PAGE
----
"Two, three minutes into that fight and we’re trading punches - we’re
tired, you’ve been hit, and you’re hurt - that’s what I like: I like
that spot. I like to be in there, and that’s a big difference." - Court McGee
He’s not the best striker either. There are others in the 185-pound weight class who are better grapplers than he is as well. The same goes for wrestling. The 27-year-old Ultimate Fighter winner is brutally honest when assessing how he matches up with his fellow middleweight competitors, and the fact that he’s not at the top of the list in any of the aforementioned fundamentals is fine with him.
After all, those things are out of his control.
“I can’t control being the best striker or the best grappler,” said the man whose menacing stare and angry beard stand in stark contrast to the soft-spoken, intellectual man behind them. “I can improve on (those things) and just constantly get better at jiu-jitsu and wrestling and my striking.
“One thing I can control though is my conditioning — getting stronger, and faster, and better, and always changing it. I’ve got a good group of guys — I’ve got Jason Mertlich, I’ve got John Hackleman, I’ve got The Pit behind me — and I’m always able to push the limit on conditioning. It’s a comfortable feeling going into a fight knowing that I can really put it on somebody and recover in a minute, and I can do that for 15 minutes.”
McGee doesn’t tailor each training camp to prepare for the opponent he’s set to face. He hasn’t spent the last two months working on a game plan specific to Costa Philippou, the man he faces Friday night (technically Saturday morning) at the Allphones Arena in Sydney, Australia in the first fight of the UFC on FX 2 broadcast.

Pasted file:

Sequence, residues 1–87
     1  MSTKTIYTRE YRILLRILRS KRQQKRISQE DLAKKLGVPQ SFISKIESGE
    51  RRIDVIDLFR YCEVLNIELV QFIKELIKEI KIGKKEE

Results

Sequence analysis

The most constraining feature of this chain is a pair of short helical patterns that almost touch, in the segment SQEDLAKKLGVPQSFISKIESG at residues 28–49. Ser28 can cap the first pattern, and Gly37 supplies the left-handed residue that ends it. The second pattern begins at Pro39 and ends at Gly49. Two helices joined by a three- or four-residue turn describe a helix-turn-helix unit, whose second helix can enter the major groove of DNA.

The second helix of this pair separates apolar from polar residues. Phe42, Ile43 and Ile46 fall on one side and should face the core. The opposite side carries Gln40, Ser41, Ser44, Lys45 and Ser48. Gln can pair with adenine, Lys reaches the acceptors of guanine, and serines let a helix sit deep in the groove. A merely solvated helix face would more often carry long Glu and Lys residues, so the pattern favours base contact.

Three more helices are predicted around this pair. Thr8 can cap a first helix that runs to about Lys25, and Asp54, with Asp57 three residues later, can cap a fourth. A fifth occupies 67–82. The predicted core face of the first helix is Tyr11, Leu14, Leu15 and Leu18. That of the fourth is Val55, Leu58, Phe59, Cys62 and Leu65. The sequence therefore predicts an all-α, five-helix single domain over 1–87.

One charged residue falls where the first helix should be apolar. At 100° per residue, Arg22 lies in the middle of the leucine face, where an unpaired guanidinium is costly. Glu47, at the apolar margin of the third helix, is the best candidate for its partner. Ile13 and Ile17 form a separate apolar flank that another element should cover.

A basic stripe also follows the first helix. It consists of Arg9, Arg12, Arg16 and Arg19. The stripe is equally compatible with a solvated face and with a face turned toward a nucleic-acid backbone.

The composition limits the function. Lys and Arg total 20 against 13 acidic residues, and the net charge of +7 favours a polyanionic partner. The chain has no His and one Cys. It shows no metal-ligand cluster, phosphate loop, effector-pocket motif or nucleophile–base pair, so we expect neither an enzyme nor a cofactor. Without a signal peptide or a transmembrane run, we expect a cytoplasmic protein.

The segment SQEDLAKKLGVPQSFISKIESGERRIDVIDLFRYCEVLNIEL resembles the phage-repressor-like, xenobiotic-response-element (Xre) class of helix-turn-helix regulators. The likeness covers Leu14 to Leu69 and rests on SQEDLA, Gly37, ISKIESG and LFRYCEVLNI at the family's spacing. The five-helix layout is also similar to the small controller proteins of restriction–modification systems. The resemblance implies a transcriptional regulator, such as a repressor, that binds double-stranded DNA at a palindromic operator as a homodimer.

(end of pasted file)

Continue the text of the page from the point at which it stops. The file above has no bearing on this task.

He’s studied his opponent enough to know what he brings to the table, but for McGee, the fight is about finding a way to win once the cage door closes, and training camp is about giving yourself the best opportunity to do that come fight night.
“He may be a better striker than me, but I’ll put together my tools, see what I have, and do the best that I can do to figure out how to beat him. I kind of know what he likes to do. He got a pretty good KO in his last fight, and I saw that, so I know he likes to strike, but you never know — he could come out and try to shoot. When the cage door closes and it’s just him and me in there, then it’s up to me to figure out how to beat him.”
Instead of preparing for the opponent he’s about to face, McGee spends his time in the gym training to compete against the toughest opponent he could envision; the person whose abilities and attributes would cause him the most trouble inside the cage. In the process of working to defeat his fictitious foe inside the gym, McGee is also pushing himself to become that man for each of his real life opponents.
“I think about what would be the hardest and toughest opponent for me to fight, and what comes to mind is he’s going to be difficult to submit, he’s difficult to knock out, and he’s got conditioning for days, and he pushes the pace. For me, that would be the hardest opponent, so that’s who I try to be — I try to be that person.”
So far, it seems to be working.
In each of his two post-TUF appearances to date, McGee turned the fights into a test of wills and a battle of attrition, and was the one who had his hand raised in the end. He submitted veteran Ryan Jensen in the third round of their UFC 121 encounter after looking lethargic in the first, and followed it up 11-months later with another performance that highlighted his unmatched ability to continue pushing forward against Dongi Yang.
For McGee, it comes down to two things: what you’ve done in the gym leading up to the fight, and why you’re stepping into the cage in the first place.
“I know what it takes to compete against that high level; now it’s just whether or not you’re willing to get in shape, and that to me is the hardest thing to do. Besides cutting weight, the conditioning is the hardest thing, man.